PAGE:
effectiveness of monetary policy in the UAE is limited. Local interest rates follow the interest rates on
the dollar, and therefore the Central Bank attempts to manage fluctuations in domestic liquidity
through certificates of deposit (last of which was announced in August 2005).
United Arab Emirates                                                                    WT/ TPR/ G/162
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II.     TRADE POLICY DEVELOPMENTS

19.     The UAE believes that free trade is a necessary condition for increased competitiveness and
productivity in the long run. Protectionism, in the form of high tariff barriers and technical barriers to
trade, would only result in a stagnant and inefficient private sector.

20.     It is in this spirit that the UAE has signed several free trade agreements and embarked on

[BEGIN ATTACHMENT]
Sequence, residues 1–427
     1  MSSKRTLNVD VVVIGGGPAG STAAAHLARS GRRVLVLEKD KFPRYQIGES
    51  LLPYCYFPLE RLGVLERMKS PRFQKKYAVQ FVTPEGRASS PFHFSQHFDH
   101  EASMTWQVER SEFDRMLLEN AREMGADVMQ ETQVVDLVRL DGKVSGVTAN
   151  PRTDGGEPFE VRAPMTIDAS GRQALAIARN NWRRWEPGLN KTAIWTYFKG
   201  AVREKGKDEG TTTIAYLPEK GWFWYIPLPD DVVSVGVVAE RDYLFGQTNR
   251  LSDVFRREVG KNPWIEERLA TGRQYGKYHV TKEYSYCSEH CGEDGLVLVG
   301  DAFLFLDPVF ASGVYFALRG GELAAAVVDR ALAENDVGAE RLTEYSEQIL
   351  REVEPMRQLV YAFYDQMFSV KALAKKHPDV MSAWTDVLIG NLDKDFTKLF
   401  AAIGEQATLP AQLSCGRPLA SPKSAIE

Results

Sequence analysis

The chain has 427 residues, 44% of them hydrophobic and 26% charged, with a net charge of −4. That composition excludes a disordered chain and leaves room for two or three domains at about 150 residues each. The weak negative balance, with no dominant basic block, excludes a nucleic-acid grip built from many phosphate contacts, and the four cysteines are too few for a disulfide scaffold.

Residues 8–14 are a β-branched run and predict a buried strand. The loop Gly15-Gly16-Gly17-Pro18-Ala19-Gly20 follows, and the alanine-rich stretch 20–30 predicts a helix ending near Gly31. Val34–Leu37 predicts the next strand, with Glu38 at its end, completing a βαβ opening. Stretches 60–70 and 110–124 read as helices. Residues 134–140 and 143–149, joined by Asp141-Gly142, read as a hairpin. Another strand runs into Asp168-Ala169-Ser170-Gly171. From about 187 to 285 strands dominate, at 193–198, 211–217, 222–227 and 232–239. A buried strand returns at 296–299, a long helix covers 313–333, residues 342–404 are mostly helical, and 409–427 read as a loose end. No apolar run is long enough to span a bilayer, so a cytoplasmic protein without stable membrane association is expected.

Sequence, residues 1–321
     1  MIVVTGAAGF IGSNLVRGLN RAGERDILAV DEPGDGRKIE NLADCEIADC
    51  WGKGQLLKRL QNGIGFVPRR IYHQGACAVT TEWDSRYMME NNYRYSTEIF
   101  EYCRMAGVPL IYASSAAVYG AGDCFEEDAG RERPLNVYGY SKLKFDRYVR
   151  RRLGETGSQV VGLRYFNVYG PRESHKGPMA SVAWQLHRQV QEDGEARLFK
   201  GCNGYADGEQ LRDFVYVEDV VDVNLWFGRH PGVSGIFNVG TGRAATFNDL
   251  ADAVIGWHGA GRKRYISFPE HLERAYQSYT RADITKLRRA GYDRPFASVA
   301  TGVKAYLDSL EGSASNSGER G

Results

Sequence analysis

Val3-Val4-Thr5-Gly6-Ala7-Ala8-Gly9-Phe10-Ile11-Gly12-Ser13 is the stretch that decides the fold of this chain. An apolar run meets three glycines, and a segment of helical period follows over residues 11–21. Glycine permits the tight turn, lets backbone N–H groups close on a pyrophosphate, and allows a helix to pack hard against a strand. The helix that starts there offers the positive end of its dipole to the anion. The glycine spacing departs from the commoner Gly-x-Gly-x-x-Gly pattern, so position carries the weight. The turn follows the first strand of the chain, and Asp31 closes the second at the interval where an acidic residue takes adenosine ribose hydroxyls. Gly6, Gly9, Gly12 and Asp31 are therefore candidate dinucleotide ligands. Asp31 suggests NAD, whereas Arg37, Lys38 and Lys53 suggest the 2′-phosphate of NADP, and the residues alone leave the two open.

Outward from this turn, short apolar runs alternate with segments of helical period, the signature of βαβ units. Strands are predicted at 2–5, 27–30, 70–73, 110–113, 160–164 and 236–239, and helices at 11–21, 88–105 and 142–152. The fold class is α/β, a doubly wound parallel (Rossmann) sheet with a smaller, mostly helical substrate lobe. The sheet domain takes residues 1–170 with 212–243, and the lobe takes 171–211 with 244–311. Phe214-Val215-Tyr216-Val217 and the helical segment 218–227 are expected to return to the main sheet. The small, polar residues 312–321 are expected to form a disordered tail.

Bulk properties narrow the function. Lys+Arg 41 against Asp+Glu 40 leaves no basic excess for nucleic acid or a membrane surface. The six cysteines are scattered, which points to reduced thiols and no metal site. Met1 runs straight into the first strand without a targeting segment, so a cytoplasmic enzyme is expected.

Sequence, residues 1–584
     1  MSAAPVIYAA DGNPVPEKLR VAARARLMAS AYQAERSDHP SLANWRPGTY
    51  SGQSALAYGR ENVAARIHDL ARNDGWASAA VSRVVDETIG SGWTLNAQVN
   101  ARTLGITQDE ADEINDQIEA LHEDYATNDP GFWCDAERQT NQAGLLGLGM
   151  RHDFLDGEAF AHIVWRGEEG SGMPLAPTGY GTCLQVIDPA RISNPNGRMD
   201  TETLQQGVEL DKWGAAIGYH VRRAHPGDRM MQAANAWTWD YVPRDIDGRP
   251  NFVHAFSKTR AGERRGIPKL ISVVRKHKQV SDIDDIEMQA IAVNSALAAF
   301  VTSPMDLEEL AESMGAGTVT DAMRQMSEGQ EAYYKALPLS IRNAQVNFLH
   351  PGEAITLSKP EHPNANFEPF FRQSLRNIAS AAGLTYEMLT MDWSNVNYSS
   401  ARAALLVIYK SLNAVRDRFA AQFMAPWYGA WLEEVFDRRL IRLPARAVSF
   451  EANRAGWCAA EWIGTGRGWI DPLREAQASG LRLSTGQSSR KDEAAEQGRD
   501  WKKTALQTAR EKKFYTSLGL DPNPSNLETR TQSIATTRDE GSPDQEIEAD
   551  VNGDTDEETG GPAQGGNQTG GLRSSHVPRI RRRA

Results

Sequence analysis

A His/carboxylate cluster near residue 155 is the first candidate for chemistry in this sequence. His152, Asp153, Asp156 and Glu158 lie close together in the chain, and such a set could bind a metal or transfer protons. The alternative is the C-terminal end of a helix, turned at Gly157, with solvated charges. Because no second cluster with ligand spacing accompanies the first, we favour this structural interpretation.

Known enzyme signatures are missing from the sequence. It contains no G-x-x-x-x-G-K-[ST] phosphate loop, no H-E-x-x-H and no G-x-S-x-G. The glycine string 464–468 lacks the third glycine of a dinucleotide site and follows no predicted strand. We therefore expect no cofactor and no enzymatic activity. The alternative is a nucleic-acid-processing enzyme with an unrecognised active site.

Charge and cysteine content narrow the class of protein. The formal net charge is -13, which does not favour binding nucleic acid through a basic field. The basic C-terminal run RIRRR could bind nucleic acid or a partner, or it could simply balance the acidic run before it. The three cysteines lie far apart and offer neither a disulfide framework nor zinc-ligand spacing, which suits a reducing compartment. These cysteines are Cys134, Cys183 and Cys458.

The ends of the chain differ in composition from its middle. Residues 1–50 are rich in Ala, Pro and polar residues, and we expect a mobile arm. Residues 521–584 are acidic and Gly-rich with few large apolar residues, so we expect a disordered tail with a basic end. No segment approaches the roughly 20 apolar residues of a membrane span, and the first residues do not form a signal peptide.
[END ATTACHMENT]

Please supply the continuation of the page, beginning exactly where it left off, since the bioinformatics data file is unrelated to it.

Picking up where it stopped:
negotiations, either individually or with the GCC, on different regional trade agreements.

(1)     B ILATERAL AGREEMENTS

21.     The UAE has signed bilateral preferential agreements with some Arab Countries (Syria,
Jordan, Lebanon, Morocco and Iraq). According to those agreements, the UAE and its partners accord
each other preferential access for a specified list of goods.

22.    In March 2005, UAE officially started negotiations with the USA with the aim to conclude a
comprehensive Free Trade Agreement (FTA). Negotiations are still in process. A Trade Investment
Frame Agreement (TIFA) had been already signed between the two countries in March 2004.

23.    With Australia, the first round of FTA negotiations has been also launched in March
2005. The third round took place in December 2005.

(2)     REGIONAL AGREEMENTS

(i)     Gulf Cooperation Council (GCC)